Extremely heavy ashfall has rained down on parts of the eastern Caribbean island of St Vincent a day after a powerful explosion at La Soufriere volcano forced the evacuations of thousands of residents.
Nations ranging from Antigua to Guyana offered help by either shipping emergency supplies to their neighbour or agreeing to temporarily open their borders to the roughly 16,000 evacuees.
The volcano, which last erupted in 1979, kept rumbling as experts warned that explosive eruptions could continue for days or possibly weeks. A previous eruption in 1902 killed some 1,600 people.
“The first bang is not necessarily the biggest bang this volcano will give,” Richard Robertson, a geologist with the University of the West Indies’ Seismic Research Centre, said during a press conference.
Prime Minister Ralph Gonsalves asked people to remain calm, have patience and keep protecting themselves from the coronavirus as he celebrated that no deaths or injuries were reported after Friday’s eruption in the northern tip of St Vincent, part of an island chain that includes the Grenadines and is home to more than 100,000 people.
“Agriculture will be badly affected, and we may have some loss of animals, and we will have to do repairs to houses, but if we have life, and we have strength, we will build it back better, stronger, together,” he said in an interview with NBC Radio, a local station.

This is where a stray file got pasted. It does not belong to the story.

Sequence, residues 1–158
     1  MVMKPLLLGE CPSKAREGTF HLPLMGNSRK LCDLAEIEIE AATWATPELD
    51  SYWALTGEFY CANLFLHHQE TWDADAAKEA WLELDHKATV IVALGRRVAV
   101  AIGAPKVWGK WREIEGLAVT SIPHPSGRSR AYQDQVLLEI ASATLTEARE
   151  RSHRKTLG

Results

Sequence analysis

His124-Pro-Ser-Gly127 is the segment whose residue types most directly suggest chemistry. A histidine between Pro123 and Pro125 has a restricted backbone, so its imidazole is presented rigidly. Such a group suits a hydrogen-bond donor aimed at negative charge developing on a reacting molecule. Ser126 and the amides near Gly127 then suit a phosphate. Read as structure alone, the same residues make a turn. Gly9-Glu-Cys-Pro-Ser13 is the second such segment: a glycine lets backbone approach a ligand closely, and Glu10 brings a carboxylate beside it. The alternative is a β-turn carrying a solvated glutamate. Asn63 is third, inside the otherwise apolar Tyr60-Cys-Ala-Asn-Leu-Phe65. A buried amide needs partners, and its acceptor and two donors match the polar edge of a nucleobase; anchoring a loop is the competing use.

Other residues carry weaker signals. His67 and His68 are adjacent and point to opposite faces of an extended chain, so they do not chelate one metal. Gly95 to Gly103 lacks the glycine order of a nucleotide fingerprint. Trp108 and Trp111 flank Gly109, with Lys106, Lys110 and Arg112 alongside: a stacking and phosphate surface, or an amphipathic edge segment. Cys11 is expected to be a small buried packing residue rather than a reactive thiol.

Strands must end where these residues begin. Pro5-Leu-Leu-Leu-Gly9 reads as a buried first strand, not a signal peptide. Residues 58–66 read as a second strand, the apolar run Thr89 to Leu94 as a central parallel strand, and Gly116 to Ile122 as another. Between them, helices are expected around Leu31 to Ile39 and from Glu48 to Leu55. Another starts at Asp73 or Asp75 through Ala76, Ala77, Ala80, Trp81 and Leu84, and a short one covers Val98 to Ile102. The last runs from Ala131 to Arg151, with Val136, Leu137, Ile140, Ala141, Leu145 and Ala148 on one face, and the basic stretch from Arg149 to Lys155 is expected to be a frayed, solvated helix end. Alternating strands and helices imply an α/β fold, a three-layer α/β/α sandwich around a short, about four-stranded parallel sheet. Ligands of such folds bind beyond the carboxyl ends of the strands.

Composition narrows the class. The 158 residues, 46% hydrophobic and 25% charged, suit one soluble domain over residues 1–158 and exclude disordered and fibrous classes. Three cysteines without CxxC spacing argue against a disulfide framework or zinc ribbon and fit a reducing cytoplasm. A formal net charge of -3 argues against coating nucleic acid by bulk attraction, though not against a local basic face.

Mr Gonsalves said that depending on the damage caused by the explosion, it could take up to four months for life to return to normal.
As of Friday, 2,000 people were staying in 62 government shelters while four empty cruise ships floated nearby, waiting to take other evacuees to nearby islands.
Those staying in shelters were tested for Covid-19, and anyone testing positive would be taken to an isolation centre.
The first explosion occurred on Friday morning, a day after the government ordered mandatory evacuations based on warnings from scientists who noted a type of seismic activity before dawn on Thursday that meant magma was on the move close to the surface.
The explosion shot an ash column more than 33,000 feet (seven kilometres) into the sky, with lightning crackling through the towering cloud of smoke late on Friday.
The volcanic activity forced the cancellation of several flights while falling ash limited evacuations in some areas due to poor visibility.
Officials warned that Barbados, St Lucia and Grenada could see light ashfall as the 4,003-foot (1,220-metre) volcano continued to rumble.
The majority of ash was expected to head northeast into the Atlantic Ocean.
La Soufriere previously had an effusive eruption in December, prompting experts from around the region to fly in and analyse the formation of a new volcanic dome and changes to its crater lake, among other things.